Tasks related to security and crime prevention have long ceased to be only the police’s responsibility. Private security firms contribute a lot to protect people and companies. But whoever thinks of the classic picture of a security guard or even a burly doorman, is completely mistaken. Employees in the industrial security sector are highly qualified and have good technical know-how. Integrity, authority and competence are essential preconditions of success in the security industry. Debating security matters in public receives more and more attention.
An increasing number of large and medium-sized companies as well as operators of public facilities opt for outsourcing property and personal protection tasks to external providers. Clients who, for example, wish to outsource in-house inspection, porter or reception services give first priority to finding a provider who offers appropriate know-how and qualified specialist personnel. Providers of security services who want to be continual successful will have to invest in further education and professional qualification measures for their staff, because there is often a lack of capable personnel.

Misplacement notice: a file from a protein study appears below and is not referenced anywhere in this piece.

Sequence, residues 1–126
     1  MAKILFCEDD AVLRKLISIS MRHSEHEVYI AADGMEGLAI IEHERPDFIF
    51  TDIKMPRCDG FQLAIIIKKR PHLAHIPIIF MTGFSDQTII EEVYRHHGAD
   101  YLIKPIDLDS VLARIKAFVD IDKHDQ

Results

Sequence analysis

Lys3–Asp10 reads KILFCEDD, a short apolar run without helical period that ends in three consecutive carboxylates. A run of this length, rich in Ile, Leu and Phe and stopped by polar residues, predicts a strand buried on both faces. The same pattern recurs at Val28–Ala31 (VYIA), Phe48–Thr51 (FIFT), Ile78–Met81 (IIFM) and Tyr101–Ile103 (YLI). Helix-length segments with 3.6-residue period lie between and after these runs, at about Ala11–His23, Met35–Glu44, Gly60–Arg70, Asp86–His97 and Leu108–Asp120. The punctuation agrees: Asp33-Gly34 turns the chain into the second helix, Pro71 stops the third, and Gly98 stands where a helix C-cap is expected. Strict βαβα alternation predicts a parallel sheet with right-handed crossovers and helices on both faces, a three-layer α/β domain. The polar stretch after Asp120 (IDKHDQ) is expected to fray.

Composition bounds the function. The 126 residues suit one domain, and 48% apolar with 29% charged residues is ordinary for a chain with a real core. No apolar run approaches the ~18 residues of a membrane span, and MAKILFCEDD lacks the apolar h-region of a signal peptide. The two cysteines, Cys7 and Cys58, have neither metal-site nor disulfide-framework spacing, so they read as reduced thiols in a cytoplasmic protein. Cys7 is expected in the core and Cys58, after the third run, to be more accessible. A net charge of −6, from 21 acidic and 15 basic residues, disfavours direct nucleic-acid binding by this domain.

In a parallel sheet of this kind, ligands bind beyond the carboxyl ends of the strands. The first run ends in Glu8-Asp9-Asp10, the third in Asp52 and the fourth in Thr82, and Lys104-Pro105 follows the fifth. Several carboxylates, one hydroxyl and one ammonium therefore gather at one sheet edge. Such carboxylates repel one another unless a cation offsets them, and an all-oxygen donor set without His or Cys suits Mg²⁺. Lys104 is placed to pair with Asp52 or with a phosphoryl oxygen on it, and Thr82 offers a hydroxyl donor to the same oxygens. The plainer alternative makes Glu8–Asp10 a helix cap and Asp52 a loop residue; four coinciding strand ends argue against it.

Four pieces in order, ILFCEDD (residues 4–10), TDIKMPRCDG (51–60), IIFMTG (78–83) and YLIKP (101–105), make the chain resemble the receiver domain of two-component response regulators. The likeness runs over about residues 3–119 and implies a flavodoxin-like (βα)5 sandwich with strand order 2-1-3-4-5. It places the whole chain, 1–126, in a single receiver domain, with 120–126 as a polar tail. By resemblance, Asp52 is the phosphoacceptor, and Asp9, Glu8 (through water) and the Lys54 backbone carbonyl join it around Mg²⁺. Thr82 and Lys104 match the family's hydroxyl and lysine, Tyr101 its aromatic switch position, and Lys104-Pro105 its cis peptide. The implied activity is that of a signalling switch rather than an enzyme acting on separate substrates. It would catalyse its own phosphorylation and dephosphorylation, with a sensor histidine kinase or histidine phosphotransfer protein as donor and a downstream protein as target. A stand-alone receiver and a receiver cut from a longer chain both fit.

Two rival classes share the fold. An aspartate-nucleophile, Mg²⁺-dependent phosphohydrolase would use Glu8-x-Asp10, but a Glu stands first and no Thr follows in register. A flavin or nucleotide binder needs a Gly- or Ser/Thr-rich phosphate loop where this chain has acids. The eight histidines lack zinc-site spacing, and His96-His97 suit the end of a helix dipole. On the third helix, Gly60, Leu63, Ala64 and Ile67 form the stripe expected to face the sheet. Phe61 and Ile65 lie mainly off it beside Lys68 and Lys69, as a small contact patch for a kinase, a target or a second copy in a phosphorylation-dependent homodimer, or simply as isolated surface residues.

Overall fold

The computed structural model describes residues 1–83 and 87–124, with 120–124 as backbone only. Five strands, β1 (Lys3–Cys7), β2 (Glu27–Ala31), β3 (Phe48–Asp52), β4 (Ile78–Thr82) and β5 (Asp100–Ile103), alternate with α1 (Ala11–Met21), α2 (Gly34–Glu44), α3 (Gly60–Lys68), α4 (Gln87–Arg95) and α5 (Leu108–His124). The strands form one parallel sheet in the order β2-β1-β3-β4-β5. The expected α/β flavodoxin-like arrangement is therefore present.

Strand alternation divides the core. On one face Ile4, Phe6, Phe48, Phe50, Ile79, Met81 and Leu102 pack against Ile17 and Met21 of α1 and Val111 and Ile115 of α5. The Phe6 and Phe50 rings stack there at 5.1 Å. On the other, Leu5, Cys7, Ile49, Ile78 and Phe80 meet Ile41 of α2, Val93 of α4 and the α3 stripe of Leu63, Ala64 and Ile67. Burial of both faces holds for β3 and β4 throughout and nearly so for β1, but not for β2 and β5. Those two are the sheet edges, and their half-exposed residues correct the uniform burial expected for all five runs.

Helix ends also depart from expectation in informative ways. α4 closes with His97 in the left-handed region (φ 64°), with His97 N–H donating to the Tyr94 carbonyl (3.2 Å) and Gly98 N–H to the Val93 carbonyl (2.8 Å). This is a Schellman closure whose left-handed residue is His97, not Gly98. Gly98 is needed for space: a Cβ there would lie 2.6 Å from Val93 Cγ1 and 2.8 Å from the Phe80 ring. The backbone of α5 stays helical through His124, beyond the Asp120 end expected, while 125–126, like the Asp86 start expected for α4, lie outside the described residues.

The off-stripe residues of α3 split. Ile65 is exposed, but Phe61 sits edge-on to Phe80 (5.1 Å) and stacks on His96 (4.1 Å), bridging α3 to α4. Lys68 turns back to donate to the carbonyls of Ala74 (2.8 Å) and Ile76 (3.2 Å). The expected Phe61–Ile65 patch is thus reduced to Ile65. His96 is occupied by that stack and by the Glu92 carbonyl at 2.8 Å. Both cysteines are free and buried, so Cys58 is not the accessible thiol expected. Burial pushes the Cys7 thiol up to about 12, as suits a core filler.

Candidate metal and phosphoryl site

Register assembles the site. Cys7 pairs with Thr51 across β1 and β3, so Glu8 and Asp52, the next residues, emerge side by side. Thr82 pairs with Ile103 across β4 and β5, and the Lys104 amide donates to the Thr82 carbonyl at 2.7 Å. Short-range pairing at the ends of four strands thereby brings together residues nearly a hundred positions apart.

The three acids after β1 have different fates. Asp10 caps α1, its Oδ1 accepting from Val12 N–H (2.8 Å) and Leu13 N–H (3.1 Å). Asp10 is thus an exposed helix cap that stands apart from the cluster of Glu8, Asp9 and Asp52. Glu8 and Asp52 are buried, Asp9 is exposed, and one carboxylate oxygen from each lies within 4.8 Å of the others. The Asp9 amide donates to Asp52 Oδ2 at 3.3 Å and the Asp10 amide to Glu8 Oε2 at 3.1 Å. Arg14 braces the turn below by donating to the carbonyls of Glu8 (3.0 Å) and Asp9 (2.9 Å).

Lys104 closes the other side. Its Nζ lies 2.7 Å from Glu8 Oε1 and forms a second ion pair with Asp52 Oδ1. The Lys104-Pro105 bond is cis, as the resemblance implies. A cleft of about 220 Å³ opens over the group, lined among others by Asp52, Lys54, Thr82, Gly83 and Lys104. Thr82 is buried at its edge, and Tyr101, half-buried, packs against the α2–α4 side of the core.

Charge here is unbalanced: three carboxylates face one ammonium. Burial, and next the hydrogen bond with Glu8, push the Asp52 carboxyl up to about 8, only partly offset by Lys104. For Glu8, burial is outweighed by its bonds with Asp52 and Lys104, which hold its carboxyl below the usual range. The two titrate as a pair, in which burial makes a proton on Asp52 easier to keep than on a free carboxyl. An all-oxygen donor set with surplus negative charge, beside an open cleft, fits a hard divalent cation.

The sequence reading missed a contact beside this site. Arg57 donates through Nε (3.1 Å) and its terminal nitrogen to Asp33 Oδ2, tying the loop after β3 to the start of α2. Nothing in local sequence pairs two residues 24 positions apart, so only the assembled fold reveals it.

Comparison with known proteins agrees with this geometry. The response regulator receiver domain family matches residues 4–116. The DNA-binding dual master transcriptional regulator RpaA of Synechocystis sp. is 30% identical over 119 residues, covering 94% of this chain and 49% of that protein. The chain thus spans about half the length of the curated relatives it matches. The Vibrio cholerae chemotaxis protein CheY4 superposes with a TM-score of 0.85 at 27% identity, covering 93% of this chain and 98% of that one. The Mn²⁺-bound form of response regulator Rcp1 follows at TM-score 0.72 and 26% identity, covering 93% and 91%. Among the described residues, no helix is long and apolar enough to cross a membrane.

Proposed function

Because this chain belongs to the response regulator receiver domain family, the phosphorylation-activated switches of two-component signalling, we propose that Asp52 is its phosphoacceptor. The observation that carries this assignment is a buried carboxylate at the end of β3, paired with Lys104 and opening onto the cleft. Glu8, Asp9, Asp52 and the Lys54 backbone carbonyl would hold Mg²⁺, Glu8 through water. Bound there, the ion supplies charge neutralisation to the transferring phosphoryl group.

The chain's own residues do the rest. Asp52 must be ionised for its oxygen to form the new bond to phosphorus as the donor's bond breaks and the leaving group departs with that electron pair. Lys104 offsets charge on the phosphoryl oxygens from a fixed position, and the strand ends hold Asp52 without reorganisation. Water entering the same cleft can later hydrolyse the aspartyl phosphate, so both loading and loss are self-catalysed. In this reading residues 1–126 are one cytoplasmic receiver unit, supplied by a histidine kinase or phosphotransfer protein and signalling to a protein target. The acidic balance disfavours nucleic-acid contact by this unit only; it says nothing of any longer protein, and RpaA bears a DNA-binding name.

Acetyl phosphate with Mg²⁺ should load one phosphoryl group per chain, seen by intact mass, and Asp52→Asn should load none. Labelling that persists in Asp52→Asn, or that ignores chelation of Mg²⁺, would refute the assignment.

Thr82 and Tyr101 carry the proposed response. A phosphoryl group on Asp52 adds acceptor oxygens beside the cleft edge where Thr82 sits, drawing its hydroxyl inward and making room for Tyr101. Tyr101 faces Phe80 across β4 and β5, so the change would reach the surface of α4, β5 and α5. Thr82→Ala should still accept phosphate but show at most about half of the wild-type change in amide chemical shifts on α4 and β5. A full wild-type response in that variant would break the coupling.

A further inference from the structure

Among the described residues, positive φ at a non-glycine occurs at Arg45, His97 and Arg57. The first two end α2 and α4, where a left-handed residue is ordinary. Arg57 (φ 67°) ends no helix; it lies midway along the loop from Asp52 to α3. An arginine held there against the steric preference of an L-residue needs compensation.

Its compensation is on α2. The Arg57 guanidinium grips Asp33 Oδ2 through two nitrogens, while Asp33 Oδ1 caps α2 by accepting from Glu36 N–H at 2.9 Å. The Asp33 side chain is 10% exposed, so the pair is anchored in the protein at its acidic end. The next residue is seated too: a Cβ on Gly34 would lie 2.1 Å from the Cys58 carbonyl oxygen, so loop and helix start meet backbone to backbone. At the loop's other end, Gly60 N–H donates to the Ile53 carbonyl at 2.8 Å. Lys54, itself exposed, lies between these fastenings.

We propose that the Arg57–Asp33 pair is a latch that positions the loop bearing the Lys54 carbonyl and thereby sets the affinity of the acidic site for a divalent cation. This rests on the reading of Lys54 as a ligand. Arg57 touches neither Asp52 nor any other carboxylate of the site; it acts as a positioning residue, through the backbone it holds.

The security market in Germany is currently worth 10.25 billion euros in turnover and has kept growing for years.
In 2008, more than 173,000 people were working in the alarm and security industry, plus an additional 30,000 as temporary staff. An unbalanced pay structure due to wage dumping leads to high labour turnover rates in some areas.
One of the key purposes of personal and property protection is to prevent destructive processes from occurring. That is achievable with the deployment of qualified staff combined with the use of appropriate security systems. There are three quite clearly defined core areas of services offered by the private security industry.
85 per cent of contracts are attributable to private households or property under private law without public access. These include, among others, factory and property protection and emergency or service call centres.
Approximately ten per cent of the business is related to areas under private or public law with public access, for instance the protection of DB (German railway) premises, shopping centres or fair grounds.